Crawford Bay students get together to cook, eat and talk about substance use and healthy communities!

Last fall a group of students in Crawford Bay took a Selkirk course in Advanced Computer Skills.  When they found out about the Dinner Basket Conversation Project, they were keen to host a dinner party and launch into this provocative discussion about health and substance use. Jai English volunteered to host the dinner party and picked up a basket of groceries,  a recipe for Lemon Lentil Soup and a discussion guide.

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Some students at Selkirk have commented that people don’t very often take the time to cook and eat sit down meals together.  It seems that when people share meals it also provides time to share ideas.  The Crawford Bay crew pulled together with a fun evening of food and conversation and here are some of their comments and insights on cooking, eating and talking together:


There was a tolerance for exploration and an opening to learning from each other.  There was a leveling of the playing field as we all “broke bread together.”

Most often in our lives we are insular and habituated socially – this event shows how to bridge that.

The connection between sharing meals and creating community was one of the strengths of early Christianity.  It behooves our modern families and society as a whole to remember the value and healthy outcomes from “dinner time.”

Good healthy food naturally connects to healthy conversation.

Here are some of the elements that drew the groups towards great dialogue:

The beautifully set candle-lit table:


Cooking Together:


The discussion questions written up on a chalk board:


and here is the group feasting together:


Jai wrote down some of the key points from their discussion:

What are “substances?”

  • something that takes you out of your frame of mind
  • something that changes levels of consciousness
  • sometimes used for treatment: LSD for alcoholism,  MDMA for couples therapy, Ayahuasca for addiction
  • Sometimes substances give a chance to bond and reach across social boundaries

Advice re: Substance Use:

  • Be informed about what actually happens in the brain with various substances
  • Know the quality, quantity and safety issues for different drugs
  • People need to learn their own limits, but do have a DD and figure out how to pace your self
  • If we have a life we love, it gives us motivation to balance ourselves.
  • Find your passions.  If you are hungover you are not productive – if you love your work then you want to be sober
  • Find mentors and support people that you can have open dialogues with
  • Take part in multi-age events that are fun and incorporate more than just drinking and drugs
  • Balance brings you to your goals
  • It is never too late to get help if you have problems.


  • often starts with a problem – like wanting more confidence
  • a psychological need and often complicated by guilt and fear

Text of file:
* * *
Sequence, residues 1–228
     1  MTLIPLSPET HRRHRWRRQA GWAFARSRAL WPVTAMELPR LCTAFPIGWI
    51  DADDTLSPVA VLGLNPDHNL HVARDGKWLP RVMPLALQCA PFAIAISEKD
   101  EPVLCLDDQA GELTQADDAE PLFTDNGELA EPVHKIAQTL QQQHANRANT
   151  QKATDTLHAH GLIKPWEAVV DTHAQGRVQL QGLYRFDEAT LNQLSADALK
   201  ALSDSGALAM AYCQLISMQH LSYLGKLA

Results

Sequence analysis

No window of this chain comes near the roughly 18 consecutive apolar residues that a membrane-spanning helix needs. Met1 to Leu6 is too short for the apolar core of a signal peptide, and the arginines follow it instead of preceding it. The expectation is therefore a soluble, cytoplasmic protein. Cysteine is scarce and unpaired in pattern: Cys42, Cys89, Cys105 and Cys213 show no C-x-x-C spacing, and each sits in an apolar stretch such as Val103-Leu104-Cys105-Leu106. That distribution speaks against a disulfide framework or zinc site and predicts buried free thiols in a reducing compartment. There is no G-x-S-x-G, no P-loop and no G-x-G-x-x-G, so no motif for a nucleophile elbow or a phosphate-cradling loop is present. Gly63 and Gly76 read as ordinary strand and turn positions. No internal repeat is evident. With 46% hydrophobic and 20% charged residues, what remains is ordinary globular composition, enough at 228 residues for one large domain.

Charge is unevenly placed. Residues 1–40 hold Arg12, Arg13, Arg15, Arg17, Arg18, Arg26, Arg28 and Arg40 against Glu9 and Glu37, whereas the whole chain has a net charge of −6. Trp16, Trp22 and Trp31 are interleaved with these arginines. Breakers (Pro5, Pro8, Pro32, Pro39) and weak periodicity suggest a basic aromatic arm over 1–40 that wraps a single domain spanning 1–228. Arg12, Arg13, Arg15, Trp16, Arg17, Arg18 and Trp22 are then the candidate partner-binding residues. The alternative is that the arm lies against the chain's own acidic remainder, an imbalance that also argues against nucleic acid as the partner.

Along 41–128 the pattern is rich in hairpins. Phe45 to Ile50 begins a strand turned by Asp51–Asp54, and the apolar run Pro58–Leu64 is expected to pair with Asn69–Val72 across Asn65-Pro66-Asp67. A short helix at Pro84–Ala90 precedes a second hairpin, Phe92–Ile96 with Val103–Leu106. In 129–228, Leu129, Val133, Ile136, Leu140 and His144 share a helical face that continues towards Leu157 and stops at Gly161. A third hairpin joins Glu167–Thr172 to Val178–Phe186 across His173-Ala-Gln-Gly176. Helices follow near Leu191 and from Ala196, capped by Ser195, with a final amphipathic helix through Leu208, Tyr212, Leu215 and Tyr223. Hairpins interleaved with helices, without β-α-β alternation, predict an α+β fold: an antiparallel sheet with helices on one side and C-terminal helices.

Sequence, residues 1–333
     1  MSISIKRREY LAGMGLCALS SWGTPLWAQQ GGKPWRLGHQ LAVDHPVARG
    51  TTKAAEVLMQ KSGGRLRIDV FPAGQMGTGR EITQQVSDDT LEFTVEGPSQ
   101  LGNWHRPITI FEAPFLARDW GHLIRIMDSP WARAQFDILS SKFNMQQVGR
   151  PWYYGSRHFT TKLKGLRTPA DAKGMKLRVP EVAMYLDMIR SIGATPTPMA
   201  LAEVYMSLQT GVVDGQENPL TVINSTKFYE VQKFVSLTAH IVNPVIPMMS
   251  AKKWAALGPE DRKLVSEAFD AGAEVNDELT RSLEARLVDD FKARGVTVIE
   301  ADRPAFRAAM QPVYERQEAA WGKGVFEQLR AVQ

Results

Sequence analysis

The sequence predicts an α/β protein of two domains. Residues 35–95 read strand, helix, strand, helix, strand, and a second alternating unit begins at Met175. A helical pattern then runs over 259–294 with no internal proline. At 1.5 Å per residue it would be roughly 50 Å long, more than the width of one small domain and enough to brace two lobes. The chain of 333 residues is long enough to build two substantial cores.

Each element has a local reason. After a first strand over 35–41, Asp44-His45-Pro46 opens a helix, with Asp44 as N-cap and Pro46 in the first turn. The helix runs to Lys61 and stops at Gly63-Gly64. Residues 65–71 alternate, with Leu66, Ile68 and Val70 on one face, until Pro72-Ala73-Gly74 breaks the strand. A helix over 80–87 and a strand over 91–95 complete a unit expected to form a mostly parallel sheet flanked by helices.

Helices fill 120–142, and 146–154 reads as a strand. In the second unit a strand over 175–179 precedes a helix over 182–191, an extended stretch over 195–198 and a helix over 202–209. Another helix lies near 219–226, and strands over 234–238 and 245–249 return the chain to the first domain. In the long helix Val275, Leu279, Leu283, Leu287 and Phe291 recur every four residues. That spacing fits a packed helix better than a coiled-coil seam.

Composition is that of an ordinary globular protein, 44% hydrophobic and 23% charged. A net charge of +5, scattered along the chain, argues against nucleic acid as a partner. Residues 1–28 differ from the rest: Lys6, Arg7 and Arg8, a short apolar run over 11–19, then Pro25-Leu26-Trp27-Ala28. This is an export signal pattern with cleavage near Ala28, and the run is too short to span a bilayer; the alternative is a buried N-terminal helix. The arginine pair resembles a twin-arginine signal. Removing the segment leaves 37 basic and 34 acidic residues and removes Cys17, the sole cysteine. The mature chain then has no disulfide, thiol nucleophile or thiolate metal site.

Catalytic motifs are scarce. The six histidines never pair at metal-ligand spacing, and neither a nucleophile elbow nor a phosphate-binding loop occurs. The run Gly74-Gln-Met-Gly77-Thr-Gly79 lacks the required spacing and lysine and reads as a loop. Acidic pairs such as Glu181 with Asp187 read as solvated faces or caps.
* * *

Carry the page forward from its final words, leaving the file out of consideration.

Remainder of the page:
• we need less stigma
  • its never too late to stop the cycle
  • we need to talk about what we’re going through – sharing our stories helps us feel connected.

What schools, colleges and communities can do to encourage healthy relationships with substances:

  • Access to information: condoms, drug awareness, detox support
  • Create open spaces to discuss emotions, issues, personal experiences
  • Educate about mental health and emotional intelligence
  • Help people learn how release pressure – breathe, dance, stretch, go outside, yoga, massage, stress reduction, meditation, art
  • Explore how to create a “home” feeling
  • Encourage support – peer to peer dialogues and check-ins
  • Level the playing field:  Help mentors, instructors, peers to all feel that they can support/listen and share difficulties
  • Address the need for Rites of Passage – welcoming youth as an integral part of society.

And here are a couple last great reflections on substance use from this rich and thoughtful discussion:

Great time meeting with mixed community members and friends to exchange ideas about substance use in a friendly, inviting setting.

It seemed to me that the issue kept coming back to communication – that if people interacted openly and discussed all manner of things and participated in things that sparked their interest, they would have a myriad of things to do, places to go, projects to pursue.  The concept of “fun” and “entertainment” would expand exponentially beyond substance use.

I would like to continue with this theme and maybe host a community dialogue too so that many more of our society can share and see and inform and connect.

I enjoyed getting together with community members around an enjoyable meal to explore a very real phenomenon that we have all experienced. We will continue to have these conversations with our children and colleagues.

Thanks so much to all of the Crawford Bay students for sharing their wonderful insights and to Jai for hosting a lovely dinner party!

If any other Selkirk Students or Staff would like to host a Dinner Basket Conversation please e-mail or


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